It is a scam if someone is trying to sell you a ten or twenty-thousand-dollar watch but does not have time to take a picture of it.
Consider how and where you met this seller, whether they approached you or approached them, whether you met them through trustworthy sites like Chrono 24 or Ebay or targeted more toward local or in-person cash transactions like Craigslist. Those that are a little shadier should be approached with extreme caution.
Another point to consider is pricing. Since everyone nowadays has access to Google, even if you don’t know anything about watches, you may ask Google about the typical price for the watch you’re searching for. This is a red sign if the vendor requests $11,000 for a watch worth between $20,000 and $25,000.
Serial numbers are an essential aspect of Rolex watches. Each Rolex has a unique serial number; before 2010, you could use a serial number to date the watch.
However, since Rolex began randomly assigning serial numbers in 2010, it is no longer possible to date a watch using its serial number. Nevertheless, serial numbers are still essential to authentication, as they can help identify a fake or counterfeit watch.
It is usually a good idea to verify that the serial number on the Rolex matches the sequence in the paperwork and if the vendor can supply any such official papers or certificates. If you don’t have access to these documents, it’s recommended to proceed with caution when trying to determine Rolex’s legitimacy by visual inspection alone.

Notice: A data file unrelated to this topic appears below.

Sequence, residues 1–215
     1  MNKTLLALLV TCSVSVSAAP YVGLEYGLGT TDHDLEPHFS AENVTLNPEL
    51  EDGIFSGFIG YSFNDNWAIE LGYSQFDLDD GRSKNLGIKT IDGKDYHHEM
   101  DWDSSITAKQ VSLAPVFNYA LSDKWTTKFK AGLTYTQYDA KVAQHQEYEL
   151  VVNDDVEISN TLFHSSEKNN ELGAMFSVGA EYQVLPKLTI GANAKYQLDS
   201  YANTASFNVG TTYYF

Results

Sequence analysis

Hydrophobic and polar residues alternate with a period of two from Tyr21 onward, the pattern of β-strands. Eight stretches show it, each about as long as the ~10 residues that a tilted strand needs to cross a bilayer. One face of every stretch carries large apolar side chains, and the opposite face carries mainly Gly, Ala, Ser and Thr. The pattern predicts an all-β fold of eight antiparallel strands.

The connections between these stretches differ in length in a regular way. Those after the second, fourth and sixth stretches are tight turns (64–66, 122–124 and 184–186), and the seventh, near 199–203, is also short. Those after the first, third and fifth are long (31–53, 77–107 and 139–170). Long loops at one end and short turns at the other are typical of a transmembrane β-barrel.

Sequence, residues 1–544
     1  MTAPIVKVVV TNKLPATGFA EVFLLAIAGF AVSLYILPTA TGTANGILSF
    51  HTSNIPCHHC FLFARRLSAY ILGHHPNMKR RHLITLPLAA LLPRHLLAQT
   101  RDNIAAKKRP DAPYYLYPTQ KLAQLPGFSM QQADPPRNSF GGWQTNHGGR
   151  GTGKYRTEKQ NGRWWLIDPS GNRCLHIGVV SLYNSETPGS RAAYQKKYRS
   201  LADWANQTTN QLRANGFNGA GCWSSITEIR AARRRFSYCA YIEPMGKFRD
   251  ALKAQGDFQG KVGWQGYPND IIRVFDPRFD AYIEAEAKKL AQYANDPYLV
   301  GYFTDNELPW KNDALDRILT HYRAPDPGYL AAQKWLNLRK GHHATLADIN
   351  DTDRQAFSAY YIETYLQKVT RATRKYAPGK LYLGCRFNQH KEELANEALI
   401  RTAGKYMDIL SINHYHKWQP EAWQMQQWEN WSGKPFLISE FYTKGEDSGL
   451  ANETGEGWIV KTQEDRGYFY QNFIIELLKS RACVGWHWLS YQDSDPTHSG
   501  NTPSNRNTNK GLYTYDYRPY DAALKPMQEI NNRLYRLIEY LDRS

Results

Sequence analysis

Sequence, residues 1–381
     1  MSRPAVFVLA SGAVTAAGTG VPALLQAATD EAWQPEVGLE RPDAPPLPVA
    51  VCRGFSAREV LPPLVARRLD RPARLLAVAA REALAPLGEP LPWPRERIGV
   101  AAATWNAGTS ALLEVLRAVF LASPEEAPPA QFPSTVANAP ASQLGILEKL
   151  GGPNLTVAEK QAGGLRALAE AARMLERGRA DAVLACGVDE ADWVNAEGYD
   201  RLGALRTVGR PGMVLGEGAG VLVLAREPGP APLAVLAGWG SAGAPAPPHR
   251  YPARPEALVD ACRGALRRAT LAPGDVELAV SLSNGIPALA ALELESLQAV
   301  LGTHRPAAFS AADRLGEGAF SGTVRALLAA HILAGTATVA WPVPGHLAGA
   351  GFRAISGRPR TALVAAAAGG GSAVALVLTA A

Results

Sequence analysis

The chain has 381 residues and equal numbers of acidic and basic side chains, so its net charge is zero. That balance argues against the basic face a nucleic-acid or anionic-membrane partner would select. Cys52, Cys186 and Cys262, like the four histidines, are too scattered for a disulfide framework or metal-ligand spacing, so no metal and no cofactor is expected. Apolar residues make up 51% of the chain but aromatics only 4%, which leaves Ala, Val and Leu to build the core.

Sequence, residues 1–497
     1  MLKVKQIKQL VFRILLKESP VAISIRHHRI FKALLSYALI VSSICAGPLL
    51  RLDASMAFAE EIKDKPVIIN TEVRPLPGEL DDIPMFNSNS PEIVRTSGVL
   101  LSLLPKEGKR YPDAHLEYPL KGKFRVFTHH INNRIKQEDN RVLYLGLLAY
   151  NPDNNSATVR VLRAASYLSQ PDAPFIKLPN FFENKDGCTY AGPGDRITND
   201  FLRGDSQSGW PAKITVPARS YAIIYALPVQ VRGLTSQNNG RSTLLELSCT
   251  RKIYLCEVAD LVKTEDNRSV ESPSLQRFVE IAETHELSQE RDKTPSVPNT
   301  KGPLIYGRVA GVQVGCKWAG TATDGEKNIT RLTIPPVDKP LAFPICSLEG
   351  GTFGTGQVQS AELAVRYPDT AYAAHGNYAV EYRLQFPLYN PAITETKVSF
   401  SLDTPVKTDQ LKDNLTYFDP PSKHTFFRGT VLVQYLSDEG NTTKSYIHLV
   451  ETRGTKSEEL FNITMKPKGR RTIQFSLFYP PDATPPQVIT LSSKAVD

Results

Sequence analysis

The serial number of a Rolex watch is typically located between the lugs on the 6 o’clock side of the watch. You can also find the serial number on the inside of the case back, engraved into the metal.
If you have the watch serial number, you can type it into Google (with quotation marks on either side) to see if there are any results. If there are lots of results, then it is likely that the watch is fake.
This is arguably the most straightforward technique to spot a fake Rolex, but it is also the most difficult since you must hold the watch in your hand.
When you contact a genuine Rolex movement via the crown, it will feel buttery smooth. When you unwind the height on a genuine Rolex, there should be some resistance since you are unlocking the crown, but it should feel incredibly soft as you unscrew it. When you engage with the movement, either by winding it or adjusting the time, it should feel like slipping a hot knife into butter.
It’s a different scenario when you’re wearing a phony Rolex; simply unwinding or unlocking the crown feels terrible. When you wind and engage with a fake watch, the mechanism isn’t as precise, and it doesn’t seem as well-engineered as a genuine Rolex. There appears to be sand in action.
The cyclops or the date window is a small magnifying lens placed over the date on the watch face. This feature was designed to make it easier to read the date, but it can also be used to spot a fake.